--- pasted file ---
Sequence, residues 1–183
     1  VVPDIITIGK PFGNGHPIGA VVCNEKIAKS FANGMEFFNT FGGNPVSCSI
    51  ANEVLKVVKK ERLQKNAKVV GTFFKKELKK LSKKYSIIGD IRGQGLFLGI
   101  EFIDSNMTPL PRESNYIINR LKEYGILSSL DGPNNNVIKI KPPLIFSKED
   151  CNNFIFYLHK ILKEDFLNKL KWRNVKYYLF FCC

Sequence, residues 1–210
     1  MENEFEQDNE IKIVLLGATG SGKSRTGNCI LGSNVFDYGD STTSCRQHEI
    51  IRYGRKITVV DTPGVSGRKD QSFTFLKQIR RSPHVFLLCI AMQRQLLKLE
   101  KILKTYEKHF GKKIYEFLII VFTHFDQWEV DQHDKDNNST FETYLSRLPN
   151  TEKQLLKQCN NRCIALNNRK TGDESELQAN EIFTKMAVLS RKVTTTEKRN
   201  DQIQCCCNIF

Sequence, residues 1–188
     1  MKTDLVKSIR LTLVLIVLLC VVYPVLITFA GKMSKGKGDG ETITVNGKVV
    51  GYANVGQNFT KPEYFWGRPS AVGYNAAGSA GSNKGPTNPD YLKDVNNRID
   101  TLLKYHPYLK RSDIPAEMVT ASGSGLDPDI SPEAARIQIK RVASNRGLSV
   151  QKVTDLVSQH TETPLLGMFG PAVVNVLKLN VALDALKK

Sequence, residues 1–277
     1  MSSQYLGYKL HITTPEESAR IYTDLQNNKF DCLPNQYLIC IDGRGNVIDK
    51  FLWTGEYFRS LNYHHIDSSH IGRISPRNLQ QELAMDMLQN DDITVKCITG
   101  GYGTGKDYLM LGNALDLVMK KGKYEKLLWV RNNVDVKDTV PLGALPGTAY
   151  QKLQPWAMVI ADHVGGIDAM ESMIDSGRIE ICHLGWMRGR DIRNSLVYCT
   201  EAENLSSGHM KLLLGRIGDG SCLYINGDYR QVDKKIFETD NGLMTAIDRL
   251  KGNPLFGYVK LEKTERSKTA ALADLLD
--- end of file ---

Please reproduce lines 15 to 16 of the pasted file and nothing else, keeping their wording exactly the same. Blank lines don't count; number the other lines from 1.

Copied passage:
   101  TLLKYHPYLK RSDIPAEMVT ASGSGLDPDI SPEAARIQIK RVASNRGLSV
   151  QKVTDLVSQH TETPLLGMFG PAVVNVLKLN VALDALKK